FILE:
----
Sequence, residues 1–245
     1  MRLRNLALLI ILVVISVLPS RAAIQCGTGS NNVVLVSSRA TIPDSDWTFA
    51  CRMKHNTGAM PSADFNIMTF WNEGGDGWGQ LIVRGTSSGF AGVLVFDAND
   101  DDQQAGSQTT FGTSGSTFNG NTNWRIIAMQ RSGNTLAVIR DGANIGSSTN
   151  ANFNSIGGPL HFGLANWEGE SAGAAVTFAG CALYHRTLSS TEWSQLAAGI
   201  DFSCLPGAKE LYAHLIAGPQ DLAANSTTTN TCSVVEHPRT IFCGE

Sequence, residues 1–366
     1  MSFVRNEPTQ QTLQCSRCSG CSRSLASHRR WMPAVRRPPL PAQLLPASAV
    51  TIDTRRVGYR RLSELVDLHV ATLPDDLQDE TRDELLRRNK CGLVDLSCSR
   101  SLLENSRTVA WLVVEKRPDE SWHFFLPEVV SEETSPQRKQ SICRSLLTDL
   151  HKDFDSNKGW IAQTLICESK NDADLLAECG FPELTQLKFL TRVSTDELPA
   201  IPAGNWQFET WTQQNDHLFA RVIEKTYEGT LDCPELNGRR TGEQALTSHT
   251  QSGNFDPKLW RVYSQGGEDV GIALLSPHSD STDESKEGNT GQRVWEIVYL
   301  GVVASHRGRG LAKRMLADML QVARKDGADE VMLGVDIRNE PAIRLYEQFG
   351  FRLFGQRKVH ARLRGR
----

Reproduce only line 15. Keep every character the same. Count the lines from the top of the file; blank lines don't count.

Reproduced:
   351  FRLFGQRKVH ARLRGR